- Keep in mind that a restaurant’s food isn’t necessarily healthy (or clean, or tasty) merely because the place has an English-language menu and serves up pizza, club sandwiches, or an “American” breakfast
- If you have traveler’s diarrhea, keep well hydrated and eat bland foods (rice, bread, yogurt) for a few days, until it improves
Crime and scams:
- Avoid bringing expensive or irreplaceable items
- Don’t flaunt what wealth you do have
- Keep cash in discreet places like a money belt, a sock, or a hidden pocket. Be wary of public distractions and dense crowds. This is where pickpockets tend to operate
- When staying at a hotel or guesthouse, keep your extra cash in the safe
- Be wary of pushy new “friends” who insist on giving you free shopping or sightseeing tours.
The Long Run
Vagabonding is a rediscovery of reality itself.
As your days stretch into weeks and months, let go of your pre-trip stereotypes and exchange two-dimensional expectations for living people, living places, and living life.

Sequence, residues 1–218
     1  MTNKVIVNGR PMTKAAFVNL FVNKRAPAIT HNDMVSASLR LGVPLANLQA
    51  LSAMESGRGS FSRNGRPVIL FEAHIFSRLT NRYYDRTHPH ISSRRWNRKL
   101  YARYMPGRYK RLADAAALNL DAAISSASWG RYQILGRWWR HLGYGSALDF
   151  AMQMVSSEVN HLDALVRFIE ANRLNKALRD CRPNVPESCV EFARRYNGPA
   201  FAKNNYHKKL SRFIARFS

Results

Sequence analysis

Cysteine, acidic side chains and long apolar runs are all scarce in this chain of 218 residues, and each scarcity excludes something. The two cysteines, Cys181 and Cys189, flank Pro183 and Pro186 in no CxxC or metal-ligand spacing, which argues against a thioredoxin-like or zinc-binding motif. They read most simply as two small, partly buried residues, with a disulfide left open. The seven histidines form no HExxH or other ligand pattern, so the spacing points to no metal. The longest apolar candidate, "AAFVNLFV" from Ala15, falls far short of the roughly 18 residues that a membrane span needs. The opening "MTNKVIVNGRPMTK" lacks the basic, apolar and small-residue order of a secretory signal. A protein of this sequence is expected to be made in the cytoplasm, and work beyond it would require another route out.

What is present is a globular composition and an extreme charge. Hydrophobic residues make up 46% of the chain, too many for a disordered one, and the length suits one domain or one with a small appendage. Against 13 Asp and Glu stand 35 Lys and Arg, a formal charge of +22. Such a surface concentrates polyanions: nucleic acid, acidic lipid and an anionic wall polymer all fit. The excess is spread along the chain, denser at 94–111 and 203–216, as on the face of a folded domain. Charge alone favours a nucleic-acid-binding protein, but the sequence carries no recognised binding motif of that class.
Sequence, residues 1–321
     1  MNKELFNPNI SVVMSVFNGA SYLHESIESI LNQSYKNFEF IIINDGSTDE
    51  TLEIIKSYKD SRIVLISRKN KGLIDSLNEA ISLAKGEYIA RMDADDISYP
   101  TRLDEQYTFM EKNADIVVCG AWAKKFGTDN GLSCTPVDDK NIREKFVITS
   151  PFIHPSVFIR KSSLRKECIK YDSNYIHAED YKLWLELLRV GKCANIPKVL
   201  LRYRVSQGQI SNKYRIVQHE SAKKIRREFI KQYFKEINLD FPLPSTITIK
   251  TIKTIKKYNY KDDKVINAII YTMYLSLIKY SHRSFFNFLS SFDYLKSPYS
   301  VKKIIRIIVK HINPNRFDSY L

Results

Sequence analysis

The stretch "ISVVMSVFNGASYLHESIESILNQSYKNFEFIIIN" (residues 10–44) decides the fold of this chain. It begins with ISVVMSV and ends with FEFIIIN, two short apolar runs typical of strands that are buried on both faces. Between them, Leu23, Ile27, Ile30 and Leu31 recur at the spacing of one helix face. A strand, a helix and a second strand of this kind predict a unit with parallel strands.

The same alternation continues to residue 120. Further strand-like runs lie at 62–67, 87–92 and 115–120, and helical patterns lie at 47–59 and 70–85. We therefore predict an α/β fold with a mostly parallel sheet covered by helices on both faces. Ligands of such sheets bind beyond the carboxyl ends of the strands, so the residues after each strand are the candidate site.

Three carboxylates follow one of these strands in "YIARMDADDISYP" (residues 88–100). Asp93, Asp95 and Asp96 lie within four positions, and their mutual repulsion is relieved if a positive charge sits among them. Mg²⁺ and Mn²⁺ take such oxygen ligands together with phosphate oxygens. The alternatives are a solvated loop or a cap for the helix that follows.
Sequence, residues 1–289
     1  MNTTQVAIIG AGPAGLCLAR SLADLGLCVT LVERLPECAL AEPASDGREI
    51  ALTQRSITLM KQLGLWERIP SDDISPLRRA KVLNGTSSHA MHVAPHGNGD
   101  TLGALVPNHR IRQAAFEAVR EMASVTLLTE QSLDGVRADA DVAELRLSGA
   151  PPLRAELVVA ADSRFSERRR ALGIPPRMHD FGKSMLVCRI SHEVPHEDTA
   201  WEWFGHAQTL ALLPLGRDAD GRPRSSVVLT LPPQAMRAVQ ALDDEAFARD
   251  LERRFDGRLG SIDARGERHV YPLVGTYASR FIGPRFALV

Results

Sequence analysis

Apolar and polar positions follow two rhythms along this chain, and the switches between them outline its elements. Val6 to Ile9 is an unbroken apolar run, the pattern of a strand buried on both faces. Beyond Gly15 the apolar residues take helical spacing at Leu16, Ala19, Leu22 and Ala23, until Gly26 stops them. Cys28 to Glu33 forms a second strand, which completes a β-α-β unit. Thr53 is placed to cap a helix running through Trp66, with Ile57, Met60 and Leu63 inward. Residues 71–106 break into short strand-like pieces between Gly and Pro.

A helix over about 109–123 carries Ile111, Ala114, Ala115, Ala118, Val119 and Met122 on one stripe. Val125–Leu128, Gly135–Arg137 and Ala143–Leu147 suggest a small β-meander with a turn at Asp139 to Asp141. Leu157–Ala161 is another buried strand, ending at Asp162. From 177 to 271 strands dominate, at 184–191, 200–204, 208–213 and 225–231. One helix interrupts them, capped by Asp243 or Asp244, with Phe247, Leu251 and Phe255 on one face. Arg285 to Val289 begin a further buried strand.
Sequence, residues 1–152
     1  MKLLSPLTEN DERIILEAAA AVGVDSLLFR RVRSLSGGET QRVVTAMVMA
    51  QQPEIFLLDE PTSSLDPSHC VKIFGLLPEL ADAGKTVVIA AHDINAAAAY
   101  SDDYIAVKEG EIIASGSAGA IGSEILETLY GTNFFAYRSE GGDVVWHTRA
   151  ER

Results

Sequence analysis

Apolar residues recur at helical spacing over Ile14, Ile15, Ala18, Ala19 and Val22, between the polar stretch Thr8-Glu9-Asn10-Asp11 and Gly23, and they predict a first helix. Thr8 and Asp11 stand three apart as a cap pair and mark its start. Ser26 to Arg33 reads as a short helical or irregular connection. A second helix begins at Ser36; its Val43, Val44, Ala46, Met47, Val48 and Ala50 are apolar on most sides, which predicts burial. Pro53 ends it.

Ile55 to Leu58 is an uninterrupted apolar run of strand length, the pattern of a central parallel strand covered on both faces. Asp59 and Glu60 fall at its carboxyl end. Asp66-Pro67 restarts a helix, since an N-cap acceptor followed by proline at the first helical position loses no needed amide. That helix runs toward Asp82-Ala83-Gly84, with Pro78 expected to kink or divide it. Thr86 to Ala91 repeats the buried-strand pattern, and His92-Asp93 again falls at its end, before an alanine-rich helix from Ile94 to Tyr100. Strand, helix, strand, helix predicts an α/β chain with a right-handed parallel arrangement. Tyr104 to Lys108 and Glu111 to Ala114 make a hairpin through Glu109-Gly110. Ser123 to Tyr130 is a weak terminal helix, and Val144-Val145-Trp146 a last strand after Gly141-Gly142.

Fall into a nightly ritual of partying and you might overlook the subtlety of places, stunt your travel creativity, and trap yourself in the patterns of home.
Creativity is particularly important after you’ve been on the road for a long time, because inevitably you’ll fall into a kind of road routine.
How to mix your travels:
- Change your scenery. If you’ve mainly been visiting cities, hit the countryside (and vice-versa)
- Acquire or improvise your own transportation
- Settle down on an appealing place for a few weeks or months to get to know it better
- Volunteer work is a great, inexpensive way to get to know a place
- Always challenge yourself to try new things and keep learning
Returning home can be weird and unsettling. Everything will look like it did but feel completely different at the same time.
It’s hard for friends to relate to your travel experiences because they don’t share the values that took you out on the road in the first place. So remember to keep your stories short and save the best bits for yourself.
Hitting the road to get travel out of your system rarely works, so the best remedy upon returning home is to make travel a part of your system.
As for the practical challenges of “reentry” into your home life (moving in, finding a job, starting a routine), confront them all as new adventures.